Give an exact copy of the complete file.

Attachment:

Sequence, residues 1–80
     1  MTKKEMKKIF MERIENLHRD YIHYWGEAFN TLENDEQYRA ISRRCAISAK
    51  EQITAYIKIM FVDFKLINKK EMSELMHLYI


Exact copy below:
Sequence, residues 1–80
     1  MTKKEMKKIF MERIENLHRD YIHYWGEAFN TLENDEQYRA ISRRCAISAK
    51  EQITAYIKIM FVDFKLINKK EMSELMHLYI